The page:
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Employment Law - Sexual Harassment By Supervisors

Sexual Harassment by Supervisors

Two recent United States Supreme Court cases have changed the way our courts look at sexual harassment. When courts considered sexual harassment cases in the past, their analysis began with the determination of which of the two recognized types of harassment was being claimed. The first, "quid pro quo" harassment, refers to employment decisions based on unwelcome sexual advances or other sexual conduct directed at an employee. The second, "hostile environment" harassment, occurs when severe and pervasive conduct of a sexual nature subjects an employee to an intimidating, hostile, or abusive working environment but has no tangible effect on an employee's job.

The two Supreme Court decisions have diminished the importance of categorizing harassment in this manner. Quid pro quo harassment and hostile environment harassment remain as helpful descriptions of two types of scenarios in which harassment may violate federal and state employment discrimination statutes. However, on the important issue of whether an employer can be held liable for harassment by a supervisor, the Court has announced a new set of criteria. In some respects, the Court has left employers more exposed to liability, but it has not left them defenseless.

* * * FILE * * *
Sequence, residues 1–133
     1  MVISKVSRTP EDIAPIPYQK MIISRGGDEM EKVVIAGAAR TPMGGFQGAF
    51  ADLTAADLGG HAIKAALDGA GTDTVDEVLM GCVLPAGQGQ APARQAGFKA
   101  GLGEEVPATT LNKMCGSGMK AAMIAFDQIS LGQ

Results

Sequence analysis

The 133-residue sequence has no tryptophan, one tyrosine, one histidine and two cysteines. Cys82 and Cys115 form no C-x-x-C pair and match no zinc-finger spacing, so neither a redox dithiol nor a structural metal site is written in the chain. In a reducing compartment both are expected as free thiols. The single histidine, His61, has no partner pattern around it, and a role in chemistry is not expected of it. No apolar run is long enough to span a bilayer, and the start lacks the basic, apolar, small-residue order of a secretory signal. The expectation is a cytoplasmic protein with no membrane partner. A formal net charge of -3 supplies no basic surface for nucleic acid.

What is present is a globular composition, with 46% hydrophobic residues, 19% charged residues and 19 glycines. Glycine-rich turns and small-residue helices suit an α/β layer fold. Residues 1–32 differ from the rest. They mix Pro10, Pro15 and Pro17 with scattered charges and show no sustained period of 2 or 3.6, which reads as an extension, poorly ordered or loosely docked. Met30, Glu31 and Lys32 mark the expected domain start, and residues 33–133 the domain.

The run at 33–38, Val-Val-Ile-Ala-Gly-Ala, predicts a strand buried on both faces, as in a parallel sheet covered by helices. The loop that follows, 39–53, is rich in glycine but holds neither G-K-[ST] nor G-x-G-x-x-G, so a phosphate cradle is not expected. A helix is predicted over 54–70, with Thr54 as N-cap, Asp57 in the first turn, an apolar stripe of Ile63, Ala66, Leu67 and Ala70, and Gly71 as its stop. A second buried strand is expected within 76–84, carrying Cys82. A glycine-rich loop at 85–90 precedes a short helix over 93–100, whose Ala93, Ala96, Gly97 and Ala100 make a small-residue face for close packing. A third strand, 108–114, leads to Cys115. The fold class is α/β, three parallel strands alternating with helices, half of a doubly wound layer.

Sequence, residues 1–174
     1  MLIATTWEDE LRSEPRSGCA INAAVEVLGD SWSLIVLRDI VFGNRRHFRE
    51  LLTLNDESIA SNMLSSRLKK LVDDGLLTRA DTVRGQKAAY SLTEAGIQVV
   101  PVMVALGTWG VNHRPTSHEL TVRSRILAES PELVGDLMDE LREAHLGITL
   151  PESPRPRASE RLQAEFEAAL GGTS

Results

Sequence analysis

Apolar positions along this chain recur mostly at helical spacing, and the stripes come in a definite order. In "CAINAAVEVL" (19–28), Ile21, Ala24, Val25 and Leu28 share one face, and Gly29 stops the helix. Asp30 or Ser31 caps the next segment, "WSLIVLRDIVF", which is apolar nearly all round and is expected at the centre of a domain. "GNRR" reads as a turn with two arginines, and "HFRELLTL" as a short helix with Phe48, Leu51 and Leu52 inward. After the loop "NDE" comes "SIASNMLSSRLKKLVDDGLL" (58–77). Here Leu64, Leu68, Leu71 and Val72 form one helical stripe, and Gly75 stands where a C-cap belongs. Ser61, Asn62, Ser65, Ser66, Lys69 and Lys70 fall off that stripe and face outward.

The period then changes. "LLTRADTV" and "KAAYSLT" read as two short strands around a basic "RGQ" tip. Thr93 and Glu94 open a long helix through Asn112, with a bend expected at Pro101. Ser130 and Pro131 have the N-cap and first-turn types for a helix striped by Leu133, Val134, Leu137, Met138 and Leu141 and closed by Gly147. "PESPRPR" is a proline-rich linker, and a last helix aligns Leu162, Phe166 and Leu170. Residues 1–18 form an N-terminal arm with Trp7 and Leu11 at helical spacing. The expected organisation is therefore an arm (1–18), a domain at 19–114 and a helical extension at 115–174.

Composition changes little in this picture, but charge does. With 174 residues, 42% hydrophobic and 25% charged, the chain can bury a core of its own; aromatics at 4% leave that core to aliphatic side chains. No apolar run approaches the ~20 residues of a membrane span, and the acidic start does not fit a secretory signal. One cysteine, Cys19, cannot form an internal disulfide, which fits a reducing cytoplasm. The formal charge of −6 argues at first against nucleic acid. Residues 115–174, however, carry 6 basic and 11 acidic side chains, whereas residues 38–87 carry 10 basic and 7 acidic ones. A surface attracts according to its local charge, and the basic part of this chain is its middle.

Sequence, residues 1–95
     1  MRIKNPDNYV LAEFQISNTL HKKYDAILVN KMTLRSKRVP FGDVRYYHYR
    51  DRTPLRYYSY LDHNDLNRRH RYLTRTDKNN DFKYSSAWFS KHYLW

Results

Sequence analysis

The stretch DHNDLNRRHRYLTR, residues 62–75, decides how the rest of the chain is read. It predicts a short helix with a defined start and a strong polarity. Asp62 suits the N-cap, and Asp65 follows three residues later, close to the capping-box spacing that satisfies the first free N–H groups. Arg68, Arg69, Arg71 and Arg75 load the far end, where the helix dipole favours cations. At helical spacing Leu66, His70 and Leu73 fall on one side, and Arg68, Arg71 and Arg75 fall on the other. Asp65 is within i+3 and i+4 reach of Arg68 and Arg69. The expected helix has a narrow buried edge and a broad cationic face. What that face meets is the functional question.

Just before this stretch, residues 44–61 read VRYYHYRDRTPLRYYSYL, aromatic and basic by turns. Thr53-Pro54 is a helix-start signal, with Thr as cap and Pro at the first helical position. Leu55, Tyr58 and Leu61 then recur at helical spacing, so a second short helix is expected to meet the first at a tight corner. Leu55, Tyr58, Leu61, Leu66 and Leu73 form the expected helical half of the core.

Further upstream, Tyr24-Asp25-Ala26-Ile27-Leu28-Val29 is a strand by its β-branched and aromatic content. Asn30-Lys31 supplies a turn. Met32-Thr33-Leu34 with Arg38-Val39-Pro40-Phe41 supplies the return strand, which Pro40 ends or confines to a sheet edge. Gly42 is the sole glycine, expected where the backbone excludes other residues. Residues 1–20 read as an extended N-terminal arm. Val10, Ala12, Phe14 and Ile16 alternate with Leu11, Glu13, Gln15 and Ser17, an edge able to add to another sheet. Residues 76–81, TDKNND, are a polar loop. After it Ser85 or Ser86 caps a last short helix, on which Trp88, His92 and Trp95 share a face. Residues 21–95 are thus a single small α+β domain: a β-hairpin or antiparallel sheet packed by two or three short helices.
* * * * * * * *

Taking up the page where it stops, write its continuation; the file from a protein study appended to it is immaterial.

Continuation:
The bad news for employers is that they will now be held liable for harassment by a supervisor who has authority over the victim, regardless of whether the employer was guilty of negligence or any other degree of wrongdoing in conjunction with the harassment. If the harassment also culminates in a tangible detriment to the harassed employee, such as termination, demotion, or an undesirable reassignment, there is no defense available to the employer.

If there is good news for employers in the Supreme Court rulings, it concerns a situation in which a supervisor has harassed an employee but the harassment never results in a tangible job detriment. There, the employer can defend itself from liability if it can prove both (1) that it exercised reasonable care to prevent and correct promptly any sexually harassing behavior, and (2) that the plaintiff employee unreasonably failed to take advantage of any preventive or corrective opportunities provided by the employer, or to avoid harm by other means.

While adoption of an anti-harassment policy will not be essential to the first part of the defense in every case, the Court intimated that having and applying such a policy that is tailored to the employment circumstances will go a long way in building a defense. Recent cases in Illinois support this premise. Similarly, while the second part of the defense can be supplied by evidence on various ways in which an employee did not act reasonably to avoid harm, an employee's unreasonable failure to use the employer's complaint procedure will usually be sufficient by itself.

This website is not intended to constitute legal advice or the provision of legal services. By posting and/or maintaining the website and its contents, Lucas Law does not intend to solicit business from clients located in states or jurisdictions outside of Illinois wherein Lucas Law or its individual attorney(s) are not licensed or authorized to practice law.

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